I think the CB shaping helps avoid swayback misdiagnosis. This is like a dart that is in a seam so you must still leave the original drawn CB line for when you add extend down to the hip line. Once you have tried this CB shaping I think you will be very pleased with the difference it makes to your dresses and tops.
(12th July 3013) UPDATE:
The standard proportion of waist shaping show above doesn’t work for everybody (me) because some people have more shaping at the back than at the front. Therefore a better, more personalised way is needed, and this is how I do it:
Subtract a quarter of the waist+ease measurement (Here 66 divided by 4 = 16.5cm) from the front bust-line meausurement (3–32 on the above drawing) and call this F. Divide F by three and call this f. The front dart is 2f (so you can just measure out f from the front waist dart line), and the front side waist shaping is f. That’s the front waist done.
The back shaping is done like this:
Subtract a quarter of the waist+ease measurement (16.5cm) from the back bustline measurement (here line 2–22). Call this B. The back waist dart is 0.5B. The CB shaping is 0.2B. The side seam shaping is 0.3B. If you like you can probably equalize the side seam shaping.
The darts are extended 3/4 waist to hip (on me 3/4 20cm = 15cm).
The back hips should also be bigger than the front hips. This makes a real difference to the hang of the garment when it’s unbuttoned (like a dressmaker summer jacket). It you have the pattern’s back hips too narrow and the front hips too wide, you will find the garment swings open when unbuttoned and when it’s closed, the front will have flare and the back will bubble up above the hem; it won’t be smooth.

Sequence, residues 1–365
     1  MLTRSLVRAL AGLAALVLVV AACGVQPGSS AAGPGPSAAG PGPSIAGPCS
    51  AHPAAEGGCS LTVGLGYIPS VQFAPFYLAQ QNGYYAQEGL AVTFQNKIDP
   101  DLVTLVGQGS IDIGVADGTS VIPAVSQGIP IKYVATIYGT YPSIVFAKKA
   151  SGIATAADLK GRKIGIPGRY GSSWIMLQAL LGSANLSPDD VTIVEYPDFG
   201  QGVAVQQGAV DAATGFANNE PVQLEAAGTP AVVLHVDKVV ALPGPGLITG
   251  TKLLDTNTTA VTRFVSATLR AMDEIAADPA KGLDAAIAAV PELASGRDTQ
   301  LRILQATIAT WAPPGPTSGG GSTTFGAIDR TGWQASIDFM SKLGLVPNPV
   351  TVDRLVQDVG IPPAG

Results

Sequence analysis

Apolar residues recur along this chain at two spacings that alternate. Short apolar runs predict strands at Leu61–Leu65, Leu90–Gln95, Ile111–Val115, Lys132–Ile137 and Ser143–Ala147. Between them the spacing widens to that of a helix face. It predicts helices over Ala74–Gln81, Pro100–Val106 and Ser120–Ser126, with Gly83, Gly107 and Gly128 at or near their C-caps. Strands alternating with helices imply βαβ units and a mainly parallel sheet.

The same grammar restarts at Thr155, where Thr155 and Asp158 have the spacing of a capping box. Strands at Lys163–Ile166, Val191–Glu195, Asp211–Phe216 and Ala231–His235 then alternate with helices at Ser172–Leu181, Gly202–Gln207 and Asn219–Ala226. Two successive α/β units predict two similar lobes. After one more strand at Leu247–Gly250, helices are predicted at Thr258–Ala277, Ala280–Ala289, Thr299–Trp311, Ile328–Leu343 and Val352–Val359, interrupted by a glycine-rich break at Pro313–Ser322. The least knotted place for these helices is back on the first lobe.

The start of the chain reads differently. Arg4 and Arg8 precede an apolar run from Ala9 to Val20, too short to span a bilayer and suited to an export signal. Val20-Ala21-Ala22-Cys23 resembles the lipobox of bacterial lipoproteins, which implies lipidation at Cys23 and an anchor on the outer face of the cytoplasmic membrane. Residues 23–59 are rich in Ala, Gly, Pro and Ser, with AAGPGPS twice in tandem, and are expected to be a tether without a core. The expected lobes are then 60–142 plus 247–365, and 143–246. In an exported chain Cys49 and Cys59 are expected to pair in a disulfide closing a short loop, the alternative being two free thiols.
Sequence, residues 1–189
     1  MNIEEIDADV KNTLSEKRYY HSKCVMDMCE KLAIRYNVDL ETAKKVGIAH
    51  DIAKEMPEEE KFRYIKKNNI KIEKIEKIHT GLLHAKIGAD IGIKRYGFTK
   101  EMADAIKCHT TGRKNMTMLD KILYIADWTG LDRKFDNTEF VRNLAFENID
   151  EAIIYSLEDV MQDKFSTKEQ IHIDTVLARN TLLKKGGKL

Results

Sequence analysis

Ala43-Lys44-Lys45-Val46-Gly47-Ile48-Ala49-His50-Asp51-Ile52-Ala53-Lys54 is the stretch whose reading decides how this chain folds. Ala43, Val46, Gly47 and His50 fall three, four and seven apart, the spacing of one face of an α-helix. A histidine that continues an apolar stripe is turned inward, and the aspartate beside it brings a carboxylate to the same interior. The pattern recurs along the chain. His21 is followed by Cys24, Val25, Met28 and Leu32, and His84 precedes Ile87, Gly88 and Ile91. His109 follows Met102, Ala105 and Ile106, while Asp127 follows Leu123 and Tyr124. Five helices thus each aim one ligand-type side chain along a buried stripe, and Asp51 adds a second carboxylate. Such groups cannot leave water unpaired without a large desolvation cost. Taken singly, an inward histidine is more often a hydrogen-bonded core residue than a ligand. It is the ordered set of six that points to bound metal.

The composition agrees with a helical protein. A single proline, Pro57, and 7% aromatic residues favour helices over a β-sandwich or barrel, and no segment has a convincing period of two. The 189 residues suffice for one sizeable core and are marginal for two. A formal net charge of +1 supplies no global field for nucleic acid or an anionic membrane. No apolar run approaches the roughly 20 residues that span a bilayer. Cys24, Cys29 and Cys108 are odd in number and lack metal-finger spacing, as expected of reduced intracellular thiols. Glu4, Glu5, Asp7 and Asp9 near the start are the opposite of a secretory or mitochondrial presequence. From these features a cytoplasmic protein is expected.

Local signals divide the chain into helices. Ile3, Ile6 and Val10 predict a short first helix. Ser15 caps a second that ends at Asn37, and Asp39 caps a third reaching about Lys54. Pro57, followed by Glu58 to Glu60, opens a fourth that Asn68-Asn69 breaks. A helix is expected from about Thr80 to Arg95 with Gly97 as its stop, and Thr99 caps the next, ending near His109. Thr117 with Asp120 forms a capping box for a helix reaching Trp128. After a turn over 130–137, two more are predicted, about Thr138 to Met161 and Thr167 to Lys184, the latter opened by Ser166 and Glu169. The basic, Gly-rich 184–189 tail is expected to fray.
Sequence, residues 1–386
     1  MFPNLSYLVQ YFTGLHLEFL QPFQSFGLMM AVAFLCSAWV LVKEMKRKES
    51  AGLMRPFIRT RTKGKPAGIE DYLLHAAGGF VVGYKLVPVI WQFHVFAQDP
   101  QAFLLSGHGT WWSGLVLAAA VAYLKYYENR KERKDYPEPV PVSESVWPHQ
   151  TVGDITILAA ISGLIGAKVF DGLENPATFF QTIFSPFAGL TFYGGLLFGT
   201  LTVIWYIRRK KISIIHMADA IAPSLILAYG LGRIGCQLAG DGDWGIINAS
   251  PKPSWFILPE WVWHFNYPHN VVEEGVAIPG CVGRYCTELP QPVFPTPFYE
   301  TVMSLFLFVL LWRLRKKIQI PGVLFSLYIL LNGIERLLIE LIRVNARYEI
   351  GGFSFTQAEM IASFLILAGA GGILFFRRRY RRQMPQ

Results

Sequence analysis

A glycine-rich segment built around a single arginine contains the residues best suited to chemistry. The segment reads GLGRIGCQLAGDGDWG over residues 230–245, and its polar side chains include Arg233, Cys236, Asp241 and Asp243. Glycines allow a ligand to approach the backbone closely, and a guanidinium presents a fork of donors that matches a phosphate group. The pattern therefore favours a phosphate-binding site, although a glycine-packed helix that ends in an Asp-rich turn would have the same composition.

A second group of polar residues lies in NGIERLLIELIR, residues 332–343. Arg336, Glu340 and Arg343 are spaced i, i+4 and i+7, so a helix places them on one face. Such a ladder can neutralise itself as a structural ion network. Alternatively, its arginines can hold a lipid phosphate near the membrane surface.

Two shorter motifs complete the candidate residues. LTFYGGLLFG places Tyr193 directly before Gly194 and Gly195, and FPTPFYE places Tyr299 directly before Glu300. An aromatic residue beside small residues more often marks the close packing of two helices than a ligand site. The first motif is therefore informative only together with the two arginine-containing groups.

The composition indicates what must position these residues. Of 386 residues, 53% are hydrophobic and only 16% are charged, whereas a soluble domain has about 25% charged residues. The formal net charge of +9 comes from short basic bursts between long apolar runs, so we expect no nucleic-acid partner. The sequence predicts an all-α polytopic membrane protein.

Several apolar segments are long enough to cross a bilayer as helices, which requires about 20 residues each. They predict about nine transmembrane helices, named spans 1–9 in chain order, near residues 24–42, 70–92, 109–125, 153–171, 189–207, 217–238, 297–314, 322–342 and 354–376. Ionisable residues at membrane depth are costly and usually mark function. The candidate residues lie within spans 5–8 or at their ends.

So you see, the garment swinging open is not always because of the shoulders or bust. They might be fitted perfectly but the garment still swings. To find out how much bigger your back hips should be compared with your front hips, have the tape measure around your hips with the start at where you feel your side seam should be and the lower numbers to your front. Put your finger nail on the other imaginary side seam and, taking care to keep the measurement “marked”, remove the tape measure. Now you have your front hip measurement and your full hip measurement. Take your front hips from your full hips and you have your back hip measurement. (It’s worth noting these down by the way).
Divide this measurement in two.
Suppose the full hip measurement were 88cm and the front hips were 43cm. That means the back hips are 45cm. The pattern will use half-measurements so we have:
Full hips: 44cm
Front hips: 21.5cm
Back hips: 22.5cm.
This means that for the pattern’s sake we have a difference of 22.5cm-21.5cm=1cm difference between the front and back hips (2cm in real life). So even after ease has been added the hip measurement, and that number divided in four for the front and back patterns, we add 0.5cm to the back hips and take 0.5cm from the front hips for a difference of 1cm on the pattern.
88cm + 6cm ease = 94cm
94cm / 4 = 23.5cm
Front: 23.5cm – 0.5cm = 23cm
Back: 23.5cm + 0.5cm = 24cm
Difference = 1cm on the half-a-person pattern, total 2cm difference in real life.
[My hat is off to those blogger who can take a good photograph of themselves (especially a backview). Do they have lightweight cameras or tripods or something?]
I think these adaptions should avoid many fitting problems, but I would love to know what you think. If you have blogged about it, please add a link in a comment below and (as long as it’s not spam) I’ll enable the comment (comments with links seem to go straight to spam).